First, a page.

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Natural beauty line taking off for local pair


Natural, local, and handmade are just a few words that describe A&R Serenity Co.'s products.

The brains behind the newly-launched beauty and skin care line here in Fort Frances? Local 20-year-olds Riley Pollard and Amanda Caron.

“We want to share natural products,” noted Caron.

"We don't use any chemicals in our stuff.

“If you look at a label for even a bath bomb at Walmart, there's just a bunch of random ingredients,” she added.

“What do [those ingredients] even do to your skin?”

The pair had a mutual interest in making homemade beauty products, so they decided to team up and launch their own business.

Various products that A&R Serenity Co. sells include bath bombs, bath salts, candles, dry shampoo, bug spray, face toner, and face masks, which all are handmade in the kitchen.

The pair said the planning prior to launch was pretty lengthy, taking them almost a year before their vision started to take shape.

“In late 2016, the idea came up, then we made the logo earlier this year,” noted Pollard.

“Then we ordered everything when I came home from school,” added Caron, who attends Brock University in St. Catharines.

“So it hasn't quite been a full year.”

“We set a date when we wanted everything to be launched,” Pollard said.

“Which was May, but it got pushed back to June because our supplies didn't come in on time,” noted Caron.

“It was a lot of planning before we finally launched.”

They duo explained the work behind the operation is a combined effort.

“We make the products together," said Pollard. "But I mostly do the website stuff.”

Having already had experience in website design from his interactive development program at Confederation College in Thunder Bay, it was a breeze for Pollard to create the website.

“Then I did the labelling,” Caron chimed in.

“The book work we're kind of working out right now, and the marketing is both of us,” she added.

“It's really mixed.”

All of A&R Serenity's packaging and ingredients are Canadian-made.

“We try to stay within Ontario,” said Caron.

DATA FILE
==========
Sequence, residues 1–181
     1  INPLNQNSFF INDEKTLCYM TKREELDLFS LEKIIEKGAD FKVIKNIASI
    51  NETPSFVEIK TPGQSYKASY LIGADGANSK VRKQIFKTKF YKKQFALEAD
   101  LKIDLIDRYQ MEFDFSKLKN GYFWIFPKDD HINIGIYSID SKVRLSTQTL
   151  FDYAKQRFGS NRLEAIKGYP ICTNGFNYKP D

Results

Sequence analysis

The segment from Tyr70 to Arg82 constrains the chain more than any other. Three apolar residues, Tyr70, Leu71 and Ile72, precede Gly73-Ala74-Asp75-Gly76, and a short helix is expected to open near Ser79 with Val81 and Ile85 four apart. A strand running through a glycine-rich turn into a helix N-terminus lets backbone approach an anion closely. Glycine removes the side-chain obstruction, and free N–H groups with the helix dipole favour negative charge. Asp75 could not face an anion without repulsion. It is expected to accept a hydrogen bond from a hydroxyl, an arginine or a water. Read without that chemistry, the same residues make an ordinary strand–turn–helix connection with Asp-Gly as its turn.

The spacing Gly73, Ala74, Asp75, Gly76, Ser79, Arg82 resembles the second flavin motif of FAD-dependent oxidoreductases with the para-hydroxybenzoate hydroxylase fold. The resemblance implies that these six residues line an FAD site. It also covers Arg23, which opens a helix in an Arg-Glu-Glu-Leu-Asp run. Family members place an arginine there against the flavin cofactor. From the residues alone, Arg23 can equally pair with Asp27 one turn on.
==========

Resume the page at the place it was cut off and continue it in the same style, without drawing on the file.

They noted they're trying to cater to the consumers in Northwestern Ontario.

“We want products that are catered to summer here,” Caron explained.

“We are going to try and do sunscreen.”

They also mentioned an idea for a “Rainy Lake survival kit,” which would include their Rainy Lake candle which is infused with citronella, bug spray, and bug balm.

They have many other ideas for products, as well, such as lotion bars and bubble bars.

“We are trying to figure out the right recipes for those,” said Caron.

A lot of which is trial and error, as well as surfing the web and Pintrest for recipes, she noted.

A&R Serenity's products can be purchased through their website, with local pick-up services or delivery by mail.

They also are trying to expand to have their products available at local businesses.

“There's already local stores wanting our products,” Caron enthused, noting they have been in contact with businesses such as Lowey's Greenhouse and Curvy Chick.

They also had a pop-up shop during “Mall Day” on June 29 and hope to do another one at Christmas.

“We received a great response at 'Mall Day,'" said Pollard. ”A lot of people looked at our website afterwards.

“We just want people to know about us,” he added.

The duo noted that juggling full-time jobs this summer with managing their business hasn't been a problem at all, but there is a bit of worry for when Caron will return to school in the fall as Pollard is staying in Fort Frances.

“We both know how to make all the products," Caron noted. ”We will just have to prep a lot before I leave.

“I'll also take some ingredients to school to make stuff there,” she added.

Despite living across the province from each other, the pair see their business going far.

“I want it to go big," said Caron with a laugh. "That's a dream of mine.”

“If we get into Winnipeg or Kenora, that would be really cool,” she enthused.

Caron said they wanted to bring something new to Fort Frances.

“We didn't want to make it look like homemade crafts,” she stressed.

“We want it to look professional, which I think were doing a good job of so far.”

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